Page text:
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ABSTRACT: Peptide receptor radionuclide therapy (PRRT) has been shown to be an effective treatment for neuroendocrine tumors (NETs) if curative surgery is not an option. A majority of NETs abundantly express somatostatin receptors. Consequently, following administration of somatostatin (SST) analogs labeled with γ-emitting radionuclides, these tumors can be imaged for diagnosis, staging or follow-up purposes. Furthermore, when β-emitting radionuclides are used, radiolabeled peptides (radiopeptides) can also be used for the treatment for NET patients. Even though excellent results have been achieved with PRRT, complete responses are still rare, which means that there is room for improvement. In this review, we highlight some of the directions currently under investigation in pilot clinical studies or in preclinical development to achieve this goal. Although randomized clinical trials are still lacking, early studies have shown that tumor response might be improved by application of other radionuclides, such as α-emitters or radionuclide combinations, or by adjustment of radiopeptide administration routes. Individualized dosimetry and better insight into tumor and normal organ radiation doses may allow adjustment of the amount of administered activity per cycle or the number of treatment cycles, resulting in more personalized treatment schedules. Other options include the application of novel (radiolabeled) SST analogs with improved tumor uptake and radionuclide retention time, or a combination of PRRT with other systemic therapies, such as chemotherapy or treatment with radio sensitizers. Though promising directions appear to bring improvements of PRRT within reach, additional research (including randomized clinical trials) is needed to achieve such improvements.Clinical and translational imaging : reviews in nuclear medicine and molecular imaging. 02/2014; 2(1):55-66.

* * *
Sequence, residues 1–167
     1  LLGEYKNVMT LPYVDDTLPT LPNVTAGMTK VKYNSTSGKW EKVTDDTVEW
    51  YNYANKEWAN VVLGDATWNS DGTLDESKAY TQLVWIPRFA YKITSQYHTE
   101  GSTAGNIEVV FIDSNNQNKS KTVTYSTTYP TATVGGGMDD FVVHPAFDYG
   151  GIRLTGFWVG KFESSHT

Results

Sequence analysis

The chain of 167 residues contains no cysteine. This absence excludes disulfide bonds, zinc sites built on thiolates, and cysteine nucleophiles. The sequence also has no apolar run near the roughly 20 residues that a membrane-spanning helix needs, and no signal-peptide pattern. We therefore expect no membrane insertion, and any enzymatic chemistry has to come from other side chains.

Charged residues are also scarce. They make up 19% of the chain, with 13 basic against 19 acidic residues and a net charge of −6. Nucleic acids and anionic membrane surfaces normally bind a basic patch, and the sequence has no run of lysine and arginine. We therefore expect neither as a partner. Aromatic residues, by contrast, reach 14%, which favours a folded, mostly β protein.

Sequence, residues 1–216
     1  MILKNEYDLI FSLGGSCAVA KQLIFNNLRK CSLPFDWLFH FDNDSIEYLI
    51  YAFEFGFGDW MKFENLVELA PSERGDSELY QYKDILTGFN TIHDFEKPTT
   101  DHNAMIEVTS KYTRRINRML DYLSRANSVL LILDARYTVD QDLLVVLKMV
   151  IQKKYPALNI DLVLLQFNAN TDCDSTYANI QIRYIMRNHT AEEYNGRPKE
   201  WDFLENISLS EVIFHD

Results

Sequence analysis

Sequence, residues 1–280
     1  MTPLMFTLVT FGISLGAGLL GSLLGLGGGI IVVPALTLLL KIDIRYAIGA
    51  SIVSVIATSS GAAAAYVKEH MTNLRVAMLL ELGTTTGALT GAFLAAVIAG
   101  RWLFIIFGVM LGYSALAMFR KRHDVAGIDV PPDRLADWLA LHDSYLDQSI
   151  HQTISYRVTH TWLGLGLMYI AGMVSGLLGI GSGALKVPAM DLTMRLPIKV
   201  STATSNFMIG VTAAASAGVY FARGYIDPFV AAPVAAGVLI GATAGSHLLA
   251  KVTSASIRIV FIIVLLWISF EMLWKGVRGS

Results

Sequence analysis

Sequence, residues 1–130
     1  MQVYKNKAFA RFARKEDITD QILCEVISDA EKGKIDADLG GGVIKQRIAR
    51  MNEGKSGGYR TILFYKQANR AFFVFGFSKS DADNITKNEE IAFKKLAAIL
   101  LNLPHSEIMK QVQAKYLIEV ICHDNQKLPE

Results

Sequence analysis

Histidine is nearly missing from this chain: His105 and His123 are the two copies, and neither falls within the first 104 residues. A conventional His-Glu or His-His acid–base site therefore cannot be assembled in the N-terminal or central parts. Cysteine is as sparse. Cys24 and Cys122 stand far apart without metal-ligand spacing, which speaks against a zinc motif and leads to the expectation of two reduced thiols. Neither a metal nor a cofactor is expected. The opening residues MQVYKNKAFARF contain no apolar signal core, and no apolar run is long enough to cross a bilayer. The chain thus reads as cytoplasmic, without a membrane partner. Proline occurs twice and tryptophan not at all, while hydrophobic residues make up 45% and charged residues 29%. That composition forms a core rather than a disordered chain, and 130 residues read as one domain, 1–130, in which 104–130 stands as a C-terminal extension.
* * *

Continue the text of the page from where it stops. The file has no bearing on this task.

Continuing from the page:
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ABSTRACT: Radiopharmaceutical therapy (RPT) involves the use of radionuclides that are either conjugated to tumor-targeting agents (e.g., nanoscale constructs, antibodies, peptides, and small molecules) or concentrated in tissue through natural physiological mechanisms that occur predominantly in neoplastic or otherwise targeted cells (e.g., Graves disease). The ability to collect pharmacokinetic data by imaging and use this to perform dosimetry calculations for treatment planning distinguishes RPT from other systemic treatment modalities such as chemotherapy, wherein imaging is not generally used. Treatment planning has not been widely adopted, in part, because early attempts to relate dosimetry to outcome were not successful. This was partially because a dosimetry methodology appropriate to risk evaluation rather than efficacy and toxicity was being applied to RPT. The weakest links in both diagnostic and therapeutic dosimetry are the accuracy of the input and the reliability of the radiobiological models used to convert dosimetric data to the relevant biologic end points. Dosimetry for RPT places a greater demand on both of these weak links. To date, most dosimetric studies have been retrospective, with a focus on tumor dose-response correlations rather than prospective treatment planning. In this regard, transarterial radioembolization also known as intra-arterial radiation therapy, which uses radiolabeled ((90)Y) microspheres of glass or resin to treat lesions in the liver holds much promise for more widespread dosimetric treatment planning. The recent interest in RPT with alpha-particle emitters has highlighted the need to adopt a dosimetry methodology that specifically accounts for the unique aspects of alpha particles. The short range of alpha-particle emitters means that in cases in which the distribution of activity is localized to specific functional components or cell types of an organ, the absorbed dose will be equally localized and dosimetric calculations on the scale of organs or even voxels (~5mm) are no longer sufficient. This limitation may be overcome by using preclinical models to implement macromodeling to micromodeling. In contrast to chemotherapy, RPT offers the possibility of evaluating radiopharmaceutical distributions, calculating tumor and normal tissue absorbed doses, and devising a treatment plan that is optimal for a specific patient or specific group of patients.Seminars in nuclear medicine 05/2014; 44(3):172-178. · 3.96 Impact Factor